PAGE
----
Much of the discussion around the future submarine has related to the level of local industry content. Ironically, the government originally said it had no intention of imposing a hard target for local content—until it came under irresistible pressure from industry and the opposition to accept a guarantee of 60% that Naval Group itself had offered. Now there is some suggestion the government should walk away because Naval Group might not get there, at least in the early stages of the program.
But this is letting the industry tail wag the capability dog. If the government is convinced it’s getting the right capability at an acceptable price delivered when it needs it, then walking away over a few percentage points of industry share, well before the design is complete, is short-sighted.
And that’s where the discussion needs to focus—on the capability. Are we getting the capability we need when we need it, and is it value for money? Many minds are already made up, such as those who believe we should be getting nuclear-powered submarines, or those who believe other approaches offer more capability for less money and/or risk—whether they involve smaller submarines, autonomous systems, long-range strike missiles and aircraft, or combinations of them all.
The government isn’t in that camp. But it does need to know what triggers would mean it wasn’t getting what it needed. For example, at what point do delays mean that a Collins life-of-type-extension can’t fill the gap? Or what technological developments that put the survivability and therefore utility of conventional manned submarines in doubt would make it reconsider the current path?
To define those triggers and know when they have been tripped, the government needs independent advice. It’s not clear that the government is getting it. From its Senate estimates testimony, it appears the Naval Shipbuilding Advisory Board takes a narrow focus, looking at the program from a project-management perspective. Broader questions about whether it provides the right capability or value for money are outside its remit.
Morrison has reportedly asked senior naval officers to review something relating to submarines (although it’s not clear what exactly). But again, this is not an independent review. Those who developed the original advice to government are not the best placed to evaluate it.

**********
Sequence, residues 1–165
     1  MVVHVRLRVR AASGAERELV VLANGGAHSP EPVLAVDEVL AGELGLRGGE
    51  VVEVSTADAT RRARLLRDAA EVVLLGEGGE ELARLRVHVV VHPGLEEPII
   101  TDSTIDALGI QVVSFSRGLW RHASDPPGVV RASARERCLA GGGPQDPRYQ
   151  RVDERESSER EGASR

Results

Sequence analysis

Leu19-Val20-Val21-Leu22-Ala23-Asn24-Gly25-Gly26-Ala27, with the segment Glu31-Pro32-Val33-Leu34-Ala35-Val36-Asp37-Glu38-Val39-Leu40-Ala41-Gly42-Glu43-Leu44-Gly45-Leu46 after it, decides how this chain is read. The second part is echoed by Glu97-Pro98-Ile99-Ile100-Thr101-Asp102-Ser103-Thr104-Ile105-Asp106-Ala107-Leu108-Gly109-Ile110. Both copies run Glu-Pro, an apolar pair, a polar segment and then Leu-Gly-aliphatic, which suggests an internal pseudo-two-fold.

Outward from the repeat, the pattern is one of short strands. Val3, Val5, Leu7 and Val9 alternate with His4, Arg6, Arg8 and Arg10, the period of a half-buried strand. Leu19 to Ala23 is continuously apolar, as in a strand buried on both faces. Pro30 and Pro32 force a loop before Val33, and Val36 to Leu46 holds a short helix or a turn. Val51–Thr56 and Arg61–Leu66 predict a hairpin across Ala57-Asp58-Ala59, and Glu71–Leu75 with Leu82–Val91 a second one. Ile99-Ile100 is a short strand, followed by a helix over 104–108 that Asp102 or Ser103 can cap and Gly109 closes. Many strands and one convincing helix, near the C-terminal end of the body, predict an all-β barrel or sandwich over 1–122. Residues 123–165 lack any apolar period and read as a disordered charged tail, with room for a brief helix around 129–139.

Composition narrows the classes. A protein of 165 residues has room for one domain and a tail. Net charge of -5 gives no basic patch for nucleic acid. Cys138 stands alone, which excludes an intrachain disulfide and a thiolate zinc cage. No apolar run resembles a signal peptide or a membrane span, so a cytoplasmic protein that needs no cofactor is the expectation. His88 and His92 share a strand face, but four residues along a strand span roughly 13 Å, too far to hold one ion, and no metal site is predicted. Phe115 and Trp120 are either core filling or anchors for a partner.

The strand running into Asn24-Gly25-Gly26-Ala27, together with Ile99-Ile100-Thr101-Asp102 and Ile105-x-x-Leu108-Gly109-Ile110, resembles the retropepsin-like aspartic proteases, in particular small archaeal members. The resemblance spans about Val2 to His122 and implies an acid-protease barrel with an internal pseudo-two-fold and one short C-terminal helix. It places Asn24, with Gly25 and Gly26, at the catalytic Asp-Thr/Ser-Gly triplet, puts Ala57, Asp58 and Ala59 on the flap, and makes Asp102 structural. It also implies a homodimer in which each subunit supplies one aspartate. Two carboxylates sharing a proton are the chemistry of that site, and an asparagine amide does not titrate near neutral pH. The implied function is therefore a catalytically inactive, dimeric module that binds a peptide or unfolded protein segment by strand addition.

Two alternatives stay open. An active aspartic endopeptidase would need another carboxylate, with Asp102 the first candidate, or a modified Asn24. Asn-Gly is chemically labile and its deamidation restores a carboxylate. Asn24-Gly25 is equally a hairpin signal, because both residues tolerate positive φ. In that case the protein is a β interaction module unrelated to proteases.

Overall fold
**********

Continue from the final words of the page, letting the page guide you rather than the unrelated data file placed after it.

Certainly, the government is right to be concerned about Defence’s capability program. Despite concluding in last year’s defence strategic update that we can’t rely on having 10 years of warning time before a conflict, much of the program is still more than 10 years from delivery—including the future submarine. But walking away from the Attack class won’t necessarily fix that problem.
Getting submarines right is important, but we also need to cure ourselves of the fetish that has grown up around them. They’re a valuable capability, but not the only one we need. Defence needs a range of complementary assets to cover the risks and shortfalls associated with each one.
To do this it has to more aggressively develop and acquire emergent technologies—regardless of the path we take with submarines. The recent announcement of a cooperative program with the US in the development and production of hypersonic strike missiles is certainly a step in the right direction. The rapid acquisition of large unmanned underwater vessels would be another.
Whatever kernel of truth is sitting behind the recent media reports, it’s good to see the prime minister getting energised about defence capability. Defence is a monopoly provider of security services to the government and therefore the Australian people. The government is planning on spending $575 billion in taxpayer dollars for those services over the next decade, so it needs to be a smart, questioning and demanding customer on our behalf.
This article was first published by the Australian Strategic Policy Initiative.
Image: Australian Royal Navy Flickr.